All About Cob Houses

What is cob?

Cob is a mixture of sandy-sub soil, clay and straw. It is mixed by crushing the particles together by either dancing on it or using the head of a digger. Historically cob might have been mixed by farm animals who would walk up and down on the sand, clay and straw. The sandy sub-soil must be sharp and ideally contain angular stones and gravel – this will make it stronger. About 75% of cob is made up of this sandy aggregate. Any type of clay can be used, but be careful not to use silt which can sometimes appear like clay.

Cob is 75% sandy sub-soil – we’ll show you on our courses how to identify the right type of soil

How long does cob last?

The oldest cob house still standing is 10,000 years old. Cob is strong, durable and cob houses should stand forever as long as their roof is maintained and the property is looked after properly. In the UK we ensure our cob houses last for hundreds of years by incorporating a few basic design features that make them suitable for our climate. These include: a gravel foundation to stop the capillary action of water, a 50cm stone or brick stem wall to keep the cob off the ground, a roof that overhangs by about 50cm and a lime render on the external walls.

Cob can be mixed by foot – we’ll show you on our cob building workshops how to do the ‘cob dance’.

Why is cob so good?

Cob is the most sustainable form of building there is. The materials for your cob walls are usually excavated from your foundation trench and on-site. This means there is no manufacture or transportation of materials. Many so called ‘eco homes’ claim to be green because they are cheap to run once built but the materials used to create them, usually have a massive carbon footprint. In contrast cob is genuinely as ‘eco’ as you can get, as it has almost zero embodied energy. Since cob is made of the earth it is also entirely recyclable and non-polluting.

Cob is affordable – your cob walls cost you nothing! As long as you have some land to build on, anyone can afford to build cob walls. Our cob expert Kate Edwards was originally taught by Ianto Evans who built his own cob house in the USA for only a few hundred dollars. And she built her own cob-bale home for about a tenth of the cost of a conventional home.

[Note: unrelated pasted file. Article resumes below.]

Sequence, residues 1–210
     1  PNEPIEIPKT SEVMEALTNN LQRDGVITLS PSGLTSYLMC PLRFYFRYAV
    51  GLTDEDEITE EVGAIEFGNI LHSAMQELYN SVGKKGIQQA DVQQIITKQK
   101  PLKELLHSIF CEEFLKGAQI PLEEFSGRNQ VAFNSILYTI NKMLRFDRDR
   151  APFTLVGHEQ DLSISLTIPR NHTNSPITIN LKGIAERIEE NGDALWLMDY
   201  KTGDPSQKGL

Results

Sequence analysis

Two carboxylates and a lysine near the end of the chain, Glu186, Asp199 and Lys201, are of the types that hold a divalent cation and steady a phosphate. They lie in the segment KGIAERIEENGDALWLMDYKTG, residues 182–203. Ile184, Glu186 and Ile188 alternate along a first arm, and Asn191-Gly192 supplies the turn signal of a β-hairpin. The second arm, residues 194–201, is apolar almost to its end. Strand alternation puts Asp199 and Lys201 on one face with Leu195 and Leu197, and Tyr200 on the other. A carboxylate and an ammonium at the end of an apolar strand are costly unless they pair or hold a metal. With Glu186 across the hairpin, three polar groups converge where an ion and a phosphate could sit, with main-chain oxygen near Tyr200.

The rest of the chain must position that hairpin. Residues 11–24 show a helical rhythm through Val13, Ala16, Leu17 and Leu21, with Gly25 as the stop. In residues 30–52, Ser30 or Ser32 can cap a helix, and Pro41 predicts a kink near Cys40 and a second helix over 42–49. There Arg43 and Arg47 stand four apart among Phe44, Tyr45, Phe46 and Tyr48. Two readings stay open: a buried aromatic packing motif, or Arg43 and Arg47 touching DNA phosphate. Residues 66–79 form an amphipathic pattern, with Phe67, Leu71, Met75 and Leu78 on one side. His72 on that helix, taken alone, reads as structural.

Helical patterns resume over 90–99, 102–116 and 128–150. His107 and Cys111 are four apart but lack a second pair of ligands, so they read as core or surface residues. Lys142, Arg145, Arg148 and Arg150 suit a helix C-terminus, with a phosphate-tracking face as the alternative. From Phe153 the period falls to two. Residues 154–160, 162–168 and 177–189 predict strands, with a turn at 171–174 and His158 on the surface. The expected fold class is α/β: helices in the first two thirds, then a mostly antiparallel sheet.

Cob houses are breathable and healthy to live in. There is no damp in a cob house.

Cob houses require almost no heating. On our courses we teach you how to design your cob house on passive solar principles. We show you how to use cob on the south facing walls to make the most of its excellent thermal mass, and straw bales on the north walls to provide excellent insulation. The Edwards cob-bale home is heated by a single cob fireplace as we used these passive solar principles in our build.

The cob Romford fireplace in our cob-bale house

Cob houses are beautiful. When you create a cob house you literally sculpt it. Cob allows you to easily create curves, and carve shelves and features into your walls. Of course cob houses don’t have to be curvy though, they can be made with straight walls and right angles for that modern look.

How easy is it to build with cob?

On our earth building workshops we encourage anyone to join us – you definitely do not need any previous building experience to build with cob. Cob is so easy to work with – it is a lot more forgiving and less precise than working with bricks. Of course you have to learn to keep your walls exactly vertical, but if you find your wall is slightly out you simply shave off some cob with an old saw or add a bit more cob. Fitting windows and doors is so easy too – you can add more cob around the frame if your gap is too big, or chip bits away from the cob if you hole is too small! On our cob house building courses we show you how easy it is to fit your windows, doors and even roof.

How does cob compare to other earth building techniques?

Kate’s background as an artist makes cob the perfect sculptural medium to work with and so cobbing is her preferred method. However there are other earth building techniques which are made of a similar mix of sand, clay and straw and these include clay-lump (mud bricks), wattle and daub (used for internal walls usually), rammed earth (you need to be good a carpentry to make your wooden shuttering first), adobe (another form of mud bricks), and rammed chalk. We prefer cob as it is the most accessible form of earth building there is – due to its simplicity it allows more people to build their own eco homes.

See how to build your own cob home with this BBC film of our sustainable building courses here in Norfolk, UK.